Field service engineers work with customers to solve their problems. They install new hardware, software, or systems while monitoring existing problems and, at times, collaborating with other professionals. They are also in charge of keeping track of newly acquired equipment.
Engineers respond to calls and complete mechanical and electrical tasks such as installing lighting, adjusting hardware, maintaining security settings, and other duties as assigned. They also troubleshoot, show clients how to operate equipment, and troubleshoot.
As you can see, working with people is a key aspect of a field service engineer’s job. In addition to having strong people and mechanical abilities, engineers develop a broad understanding of computer software and technology.
Field service engineers must have a bachelor’s degree in scientific computing or engineering.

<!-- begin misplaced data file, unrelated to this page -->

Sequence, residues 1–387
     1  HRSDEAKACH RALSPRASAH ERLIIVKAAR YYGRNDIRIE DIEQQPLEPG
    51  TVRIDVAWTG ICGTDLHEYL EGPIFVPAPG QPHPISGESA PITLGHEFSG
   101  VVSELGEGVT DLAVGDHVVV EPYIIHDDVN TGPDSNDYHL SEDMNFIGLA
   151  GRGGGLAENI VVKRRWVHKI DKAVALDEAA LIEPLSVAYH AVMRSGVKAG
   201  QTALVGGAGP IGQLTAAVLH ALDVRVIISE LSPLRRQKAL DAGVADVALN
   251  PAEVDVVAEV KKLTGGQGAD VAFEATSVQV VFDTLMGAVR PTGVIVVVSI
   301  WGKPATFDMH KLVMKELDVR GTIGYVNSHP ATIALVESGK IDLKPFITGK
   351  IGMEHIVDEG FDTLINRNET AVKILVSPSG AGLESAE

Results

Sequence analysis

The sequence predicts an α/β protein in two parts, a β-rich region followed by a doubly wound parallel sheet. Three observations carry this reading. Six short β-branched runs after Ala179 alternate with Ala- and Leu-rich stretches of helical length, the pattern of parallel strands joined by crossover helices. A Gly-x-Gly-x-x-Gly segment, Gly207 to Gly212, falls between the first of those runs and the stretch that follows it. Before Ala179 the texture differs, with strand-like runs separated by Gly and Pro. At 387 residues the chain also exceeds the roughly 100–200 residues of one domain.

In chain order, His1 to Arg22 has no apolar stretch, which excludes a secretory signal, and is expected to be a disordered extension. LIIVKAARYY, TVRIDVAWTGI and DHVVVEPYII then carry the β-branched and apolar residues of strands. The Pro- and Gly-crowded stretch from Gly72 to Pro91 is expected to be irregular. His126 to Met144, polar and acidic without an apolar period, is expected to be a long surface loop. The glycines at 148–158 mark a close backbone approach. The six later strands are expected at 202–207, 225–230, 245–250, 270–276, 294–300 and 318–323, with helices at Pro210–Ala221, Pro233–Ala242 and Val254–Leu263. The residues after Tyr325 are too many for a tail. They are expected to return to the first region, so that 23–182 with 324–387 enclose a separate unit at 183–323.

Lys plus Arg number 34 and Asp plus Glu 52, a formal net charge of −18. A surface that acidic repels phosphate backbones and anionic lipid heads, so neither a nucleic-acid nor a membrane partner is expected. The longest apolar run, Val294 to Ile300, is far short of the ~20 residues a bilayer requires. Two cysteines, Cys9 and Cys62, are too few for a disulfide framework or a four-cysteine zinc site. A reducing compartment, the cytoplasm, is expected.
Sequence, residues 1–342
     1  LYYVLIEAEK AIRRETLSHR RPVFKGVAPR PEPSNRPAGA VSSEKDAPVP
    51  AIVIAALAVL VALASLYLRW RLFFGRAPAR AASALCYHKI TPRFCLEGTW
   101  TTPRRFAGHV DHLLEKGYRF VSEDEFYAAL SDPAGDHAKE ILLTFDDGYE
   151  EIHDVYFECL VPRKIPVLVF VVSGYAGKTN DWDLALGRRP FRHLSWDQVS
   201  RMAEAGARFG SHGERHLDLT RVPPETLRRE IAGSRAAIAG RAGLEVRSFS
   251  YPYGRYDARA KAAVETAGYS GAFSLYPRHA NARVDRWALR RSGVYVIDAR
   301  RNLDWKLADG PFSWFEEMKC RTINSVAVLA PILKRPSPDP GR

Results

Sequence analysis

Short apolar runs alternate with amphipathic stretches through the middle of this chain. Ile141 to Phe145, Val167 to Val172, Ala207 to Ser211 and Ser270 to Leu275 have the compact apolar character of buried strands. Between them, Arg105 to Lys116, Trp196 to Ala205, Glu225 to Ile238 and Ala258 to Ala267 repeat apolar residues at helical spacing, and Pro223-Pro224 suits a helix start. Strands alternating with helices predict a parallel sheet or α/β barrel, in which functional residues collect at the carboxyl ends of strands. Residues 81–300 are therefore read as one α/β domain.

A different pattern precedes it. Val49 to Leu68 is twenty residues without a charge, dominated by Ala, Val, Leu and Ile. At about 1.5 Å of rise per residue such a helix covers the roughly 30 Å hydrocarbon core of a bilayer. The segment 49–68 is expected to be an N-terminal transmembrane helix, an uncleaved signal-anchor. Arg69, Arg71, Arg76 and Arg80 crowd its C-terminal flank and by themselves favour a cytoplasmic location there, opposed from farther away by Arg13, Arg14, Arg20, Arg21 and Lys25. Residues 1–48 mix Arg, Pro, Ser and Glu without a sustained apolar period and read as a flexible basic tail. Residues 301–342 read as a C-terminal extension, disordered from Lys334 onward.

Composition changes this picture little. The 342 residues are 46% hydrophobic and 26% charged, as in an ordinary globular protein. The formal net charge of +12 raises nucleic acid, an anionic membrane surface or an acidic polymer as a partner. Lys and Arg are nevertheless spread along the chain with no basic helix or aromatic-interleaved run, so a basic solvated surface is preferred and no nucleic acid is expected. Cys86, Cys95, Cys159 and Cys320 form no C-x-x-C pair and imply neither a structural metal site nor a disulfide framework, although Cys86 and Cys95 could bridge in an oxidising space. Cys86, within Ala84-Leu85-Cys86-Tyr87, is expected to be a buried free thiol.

Field Service Engineers vs Technicians
It’s easy to see why the terms Field Service Engineer and Field Service Technician are frequently used interchangeably. Engineers, on the other hand, are typically given more responsibilities.
Engineers typically have a bachelor’s degree (BA), whereas technicians can make do with an associate’s degree. Engineers are also more likely to do more strategic work, such as planning improvements, maintenance, and continual innovation. Technicians, on the other hand, are more likely to work directly with equipment.
A field service engineer’s responsibilities usually focus on strategy and business procedures. This is one of the key reasons why they are rarely seen performing direct maintenance or repairs.